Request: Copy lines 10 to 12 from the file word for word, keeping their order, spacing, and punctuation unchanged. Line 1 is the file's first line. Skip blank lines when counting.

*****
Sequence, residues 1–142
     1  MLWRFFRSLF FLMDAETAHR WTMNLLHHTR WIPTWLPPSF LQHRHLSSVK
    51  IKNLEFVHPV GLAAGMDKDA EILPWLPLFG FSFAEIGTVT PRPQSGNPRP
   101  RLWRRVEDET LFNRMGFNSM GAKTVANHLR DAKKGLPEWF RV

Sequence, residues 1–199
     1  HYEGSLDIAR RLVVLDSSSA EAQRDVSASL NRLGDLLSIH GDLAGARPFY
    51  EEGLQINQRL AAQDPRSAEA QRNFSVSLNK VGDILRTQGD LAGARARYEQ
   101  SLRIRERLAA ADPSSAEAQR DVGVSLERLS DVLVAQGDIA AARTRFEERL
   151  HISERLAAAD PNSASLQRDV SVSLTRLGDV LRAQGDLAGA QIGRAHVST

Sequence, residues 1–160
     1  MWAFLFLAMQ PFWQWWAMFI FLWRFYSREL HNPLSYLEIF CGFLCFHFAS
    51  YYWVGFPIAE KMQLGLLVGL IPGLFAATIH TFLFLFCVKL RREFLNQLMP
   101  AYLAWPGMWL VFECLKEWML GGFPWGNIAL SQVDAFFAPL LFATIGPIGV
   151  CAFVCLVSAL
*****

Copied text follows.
Sequence, residues 1–160
     1  MWAFLFLAMQ PFWQWWAMFI FLWRFYSREL HNPLSYLEIF CGFLCFHFAS
    51  YYWVGFPIAE KMQLGLLVGL IPGLFAATIH TFLFLFCVKL RREFLNQLMP